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Crime

Godfather Of Encryption Explains Why Apple Should Help The FBI (bgr.com) 293

An anonymous reader writes: Famed cryptographer and Turing Award winner, Adi Shamir, has an interesting if not surprising take on Apple's current legal tussle with the FBI. While speaking on a panel at RSA Conference 2016 earlier this week, the man who helped co-invent the vaunted RSA algorithm (he's the 'S' in RSA) explained why he sides with the FBI as it pertains to the San Bernardino shooter's locked iPhone. It has nothing to do with placing trapdoors on millions of phones around the world," Shamir explained. "This is a case where it's clear those people are guilty. They are dead; their constitutional rights are not involved. This is a major crime where 14 people were killed. The phone is intact. All of this aligns in favor of the FBI." Shamir continued, "even though Apple has helped in countless cases, they decided not to comply this time. My advice is that they comply this time and wait for a better test case to fight where the case is not so clearly in favor of the FBI."
Twitter

Venezuelan Regime Censoring Twitter 152

First time accepted submitter Saúl González D. writes "After two days of massive protests, the Venezuelan government has finally taken to censoring Twitter. Users of Venezuela's largest ISP CANTV, which is owned by the government, are reporting that either Twitter-embedded images will not load or that Twitter will fail to load at all. I am a user myself and can confirm that only Twitter is affected and that switching to the Tor browser solves the issue. As news of the protests are not televised, for most Venezuelans Twitter and Facebook are their only means of obtaining real-time information.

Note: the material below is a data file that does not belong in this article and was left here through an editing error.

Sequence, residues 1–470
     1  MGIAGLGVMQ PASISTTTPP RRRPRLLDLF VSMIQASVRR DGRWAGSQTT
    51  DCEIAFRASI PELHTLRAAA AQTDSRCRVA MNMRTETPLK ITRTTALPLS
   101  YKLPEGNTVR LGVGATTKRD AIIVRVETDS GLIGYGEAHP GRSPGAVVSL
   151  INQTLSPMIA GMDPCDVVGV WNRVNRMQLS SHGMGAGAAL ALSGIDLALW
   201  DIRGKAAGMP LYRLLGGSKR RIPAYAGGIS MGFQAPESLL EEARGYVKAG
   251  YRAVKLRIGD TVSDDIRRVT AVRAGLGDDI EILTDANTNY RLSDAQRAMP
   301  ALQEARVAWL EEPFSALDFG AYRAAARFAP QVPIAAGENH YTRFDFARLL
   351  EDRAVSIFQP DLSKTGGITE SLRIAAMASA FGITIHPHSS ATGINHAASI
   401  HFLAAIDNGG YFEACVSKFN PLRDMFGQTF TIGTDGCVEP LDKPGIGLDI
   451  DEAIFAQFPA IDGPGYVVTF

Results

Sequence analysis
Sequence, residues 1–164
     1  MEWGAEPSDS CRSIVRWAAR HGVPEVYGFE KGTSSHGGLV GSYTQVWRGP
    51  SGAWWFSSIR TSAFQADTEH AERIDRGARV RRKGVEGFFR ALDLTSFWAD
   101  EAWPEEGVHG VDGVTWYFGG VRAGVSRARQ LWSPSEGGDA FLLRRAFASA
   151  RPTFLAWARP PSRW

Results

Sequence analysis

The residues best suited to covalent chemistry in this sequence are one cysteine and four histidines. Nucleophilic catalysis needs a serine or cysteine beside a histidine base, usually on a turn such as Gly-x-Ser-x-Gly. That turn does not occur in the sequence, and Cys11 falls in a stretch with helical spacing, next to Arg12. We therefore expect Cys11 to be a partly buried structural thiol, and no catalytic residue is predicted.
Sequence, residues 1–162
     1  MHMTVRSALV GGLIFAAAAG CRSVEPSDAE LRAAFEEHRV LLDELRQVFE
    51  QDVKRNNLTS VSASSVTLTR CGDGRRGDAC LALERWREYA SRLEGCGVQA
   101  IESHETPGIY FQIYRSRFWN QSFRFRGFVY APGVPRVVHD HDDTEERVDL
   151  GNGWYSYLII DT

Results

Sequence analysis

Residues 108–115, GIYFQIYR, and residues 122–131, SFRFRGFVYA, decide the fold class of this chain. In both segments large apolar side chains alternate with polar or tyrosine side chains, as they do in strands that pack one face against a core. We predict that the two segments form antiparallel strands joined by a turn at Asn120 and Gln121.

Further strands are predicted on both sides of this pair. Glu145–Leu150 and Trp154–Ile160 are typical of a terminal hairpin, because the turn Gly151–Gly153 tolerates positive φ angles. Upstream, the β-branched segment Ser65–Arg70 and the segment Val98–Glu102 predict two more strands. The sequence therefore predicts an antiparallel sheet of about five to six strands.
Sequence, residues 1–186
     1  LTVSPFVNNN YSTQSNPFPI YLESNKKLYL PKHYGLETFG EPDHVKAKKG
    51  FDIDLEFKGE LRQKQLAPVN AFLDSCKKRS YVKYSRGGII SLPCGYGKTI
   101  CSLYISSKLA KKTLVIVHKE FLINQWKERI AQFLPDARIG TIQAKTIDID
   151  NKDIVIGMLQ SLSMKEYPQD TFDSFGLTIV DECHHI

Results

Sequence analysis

Despite a progressive worsening of civil and human rights, governments of the world have shied away from directly labeling Maduro a dictator or demanding the OAS' Democratic Charter be activated. Will open censorship be the tipping point?"
Microsoft

Office 2007 — Better But a Tough Switch 484

Carl Bialik from WSJ writes "Office 2007, coming out Jan. 30, is a 'radical revision,' writes the Wall Street Journal's Walter S. Mossberg. 'The entire user interface, the way you do things in these familiar old programs, has been thrown out and replaced with something new. In Word, Excel and PowerPoint, all of the menus are gone — every one. None of the familiar toolbars have survived, either. In their place is a wide, tabbed band of icons at the top of the screen called the Ribbon. And there is no option to go back to the classic interface.' He adds, 'It has taken a good product and made it better and fresher. But there is a big downside to this gutsy redesign: It requires a steep learning curve that many people might rather avoid.'"

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